Mod: This week's revelations about Paul Manafort having supplied Trump internal campaign polling data to a Russian intelligence operative continue to raise some interesting questions. Certainly the "collusion" (I prefer the term treason myself) issue is first and foremost amongst them. The suspicion now being that Manafort became Trump's campaign head at Russian insistence because, after all, they'd already been comfortably doing some monkey business together for decades. Which puts the following 2017 Newsweek article about the process leading to the selection of Mike Pence as Trump's VP into an interesting new light. Elect a clown, expect a circus.
Paul Manafort, who was hit Monday with 12 counts tied to alleged financial schemes, pushed for Pence to become Trump's running mate and even managed to talk Trump out of his doubts. As the Trump administration now works to distance itself from Manafort, his Pence pick stands among the best evidence of his impact as Trump's short-lived campaign manager.
Before Trump formally announced Pence as his vice presidential candidate, it was Manafort who made sure it happened, The New York Times reported last year.
CBS News reported that Pence was Manafort's "first choice" and that Manafort even lied about mechanical problems on Trump's plane to make the soon-to-be GOP nominee stay an extra day in Indiana to get to know Pence. In a phone call, Manafort assured Trump that Pence was the right choice and made a case that won over the real estate tycoon.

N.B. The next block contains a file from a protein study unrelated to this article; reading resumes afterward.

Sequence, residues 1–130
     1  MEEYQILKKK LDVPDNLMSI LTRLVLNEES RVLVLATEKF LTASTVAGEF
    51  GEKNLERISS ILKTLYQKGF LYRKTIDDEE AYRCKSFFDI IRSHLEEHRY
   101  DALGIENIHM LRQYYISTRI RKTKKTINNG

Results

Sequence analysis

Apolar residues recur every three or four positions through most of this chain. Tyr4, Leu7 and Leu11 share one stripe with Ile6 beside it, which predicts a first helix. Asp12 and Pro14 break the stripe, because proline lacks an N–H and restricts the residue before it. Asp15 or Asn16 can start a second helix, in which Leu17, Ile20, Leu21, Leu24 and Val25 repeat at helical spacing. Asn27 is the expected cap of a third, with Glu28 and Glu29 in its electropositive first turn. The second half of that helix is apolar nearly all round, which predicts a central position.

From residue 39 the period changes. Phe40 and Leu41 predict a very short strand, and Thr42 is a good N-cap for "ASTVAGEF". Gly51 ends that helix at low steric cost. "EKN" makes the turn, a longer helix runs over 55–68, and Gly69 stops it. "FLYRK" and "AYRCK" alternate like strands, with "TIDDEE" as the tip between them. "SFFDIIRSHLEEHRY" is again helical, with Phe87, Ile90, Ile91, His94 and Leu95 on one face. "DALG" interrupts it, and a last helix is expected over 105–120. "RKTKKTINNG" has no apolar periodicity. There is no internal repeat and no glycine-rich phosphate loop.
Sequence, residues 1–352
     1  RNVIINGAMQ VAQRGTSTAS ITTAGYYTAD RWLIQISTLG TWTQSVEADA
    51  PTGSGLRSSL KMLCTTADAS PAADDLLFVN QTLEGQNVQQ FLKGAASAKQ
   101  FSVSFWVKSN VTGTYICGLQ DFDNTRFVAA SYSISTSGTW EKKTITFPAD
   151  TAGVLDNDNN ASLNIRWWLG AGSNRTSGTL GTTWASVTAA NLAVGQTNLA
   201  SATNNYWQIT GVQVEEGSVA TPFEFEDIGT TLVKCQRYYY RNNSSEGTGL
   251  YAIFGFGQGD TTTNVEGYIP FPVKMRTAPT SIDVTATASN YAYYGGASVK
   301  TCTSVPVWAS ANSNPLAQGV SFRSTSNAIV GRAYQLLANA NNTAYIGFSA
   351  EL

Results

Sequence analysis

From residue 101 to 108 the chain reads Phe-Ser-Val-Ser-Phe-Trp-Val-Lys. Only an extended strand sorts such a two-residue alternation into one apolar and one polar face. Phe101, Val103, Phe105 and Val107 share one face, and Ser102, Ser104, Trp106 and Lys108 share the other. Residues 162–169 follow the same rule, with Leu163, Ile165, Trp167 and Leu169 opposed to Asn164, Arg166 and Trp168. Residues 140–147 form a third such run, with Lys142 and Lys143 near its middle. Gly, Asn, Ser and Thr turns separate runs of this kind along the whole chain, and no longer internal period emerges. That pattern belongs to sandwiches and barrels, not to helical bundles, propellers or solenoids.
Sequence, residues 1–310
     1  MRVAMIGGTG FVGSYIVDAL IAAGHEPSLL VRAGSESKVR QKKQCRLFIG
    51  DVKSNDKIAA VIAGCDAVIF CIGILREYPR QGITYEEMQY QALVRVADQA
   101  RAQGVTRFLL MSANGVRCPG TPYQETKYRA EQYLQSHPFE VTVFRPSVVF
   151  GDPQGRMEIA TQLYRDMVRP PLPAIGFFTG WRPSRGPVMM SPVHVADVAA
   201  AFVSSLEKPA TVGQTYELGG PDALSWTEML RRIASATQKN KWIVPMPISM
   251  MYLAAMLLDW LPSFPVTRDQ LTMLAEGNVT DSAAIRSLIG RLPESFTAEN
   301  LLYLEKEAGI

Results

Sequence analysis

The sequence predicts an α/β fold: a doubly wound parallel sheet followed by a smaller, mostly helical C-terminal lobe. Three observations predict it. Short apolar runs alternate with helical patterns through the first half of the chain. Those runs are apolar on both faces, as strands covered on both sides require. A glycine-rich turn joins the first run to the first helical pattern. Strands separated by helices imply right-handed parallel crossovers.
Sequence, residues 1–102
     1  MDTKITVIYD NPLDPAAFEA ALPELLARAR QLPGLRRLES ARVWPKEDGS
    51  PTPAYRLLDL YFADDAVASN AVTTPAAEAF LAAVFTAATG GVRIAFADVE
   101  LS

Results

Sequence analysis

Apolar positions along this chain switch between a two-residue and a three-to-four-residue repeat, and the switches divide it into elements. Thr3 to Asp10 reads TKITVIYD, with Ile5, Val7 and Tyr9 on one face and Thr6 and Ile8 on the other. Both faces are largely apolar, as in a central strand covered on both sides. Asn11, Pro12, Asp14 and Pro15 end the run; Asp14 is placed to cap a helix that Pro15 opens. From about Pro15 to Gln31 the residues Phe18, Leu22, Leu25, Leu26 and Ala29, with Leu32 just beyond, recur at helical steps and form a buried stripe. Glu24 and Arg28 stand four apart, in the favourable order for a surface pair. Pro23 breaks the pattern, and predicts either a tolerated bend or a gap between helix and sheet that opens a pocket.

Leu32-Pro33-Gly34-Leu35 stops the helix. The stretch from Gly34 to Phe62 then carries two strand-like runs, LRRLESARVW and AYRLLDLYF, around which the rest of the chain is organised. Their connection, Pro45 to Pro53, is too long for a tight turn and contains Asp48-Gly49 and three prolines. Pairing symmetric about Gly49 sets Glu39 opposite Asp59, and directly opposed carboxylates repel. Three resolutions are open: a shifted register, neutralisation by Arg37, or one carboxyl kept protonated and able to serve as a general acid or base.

The decision came during the three months Manafort served as Trump's campaign manager, after advising him earlier in the year. Just a month after the Pence pick, Manafort was out, with reports about his foreign finances and government lobbying creating a cloud around the campaign.
On Monday, Manafort surrendered to the FBI on charges that included conspiracy against the United States, after Mueller named him and his associate Rick Gates in the first indictment from the probe into the Trump campaign's suspected Russia ties.
Mod: Now juxtapose the above with an article that appeared earlier this week.
The revelation came in a filing by Manafort’s legal team in response to allegations by prosecutors in November that he breached his plea deal in the D.C. case by lying to investigators for Special Counsel Robert Mueller. Several paragraphs of that filing were redacted, but a Guardian reporter quickly realized Manafort’s team redacted the document in a way that can be easily reversed:
One of the improperly redacted sections revealed that Manafort shared 2016 presidential election polling data with Konstantin Kilimnik, a longtime business associate of Manafort’s. Kilimnik is a Russian-Ukrainian businessman and political operative, and prosecutors have said in U.S. court he has ties to Russian intelligence.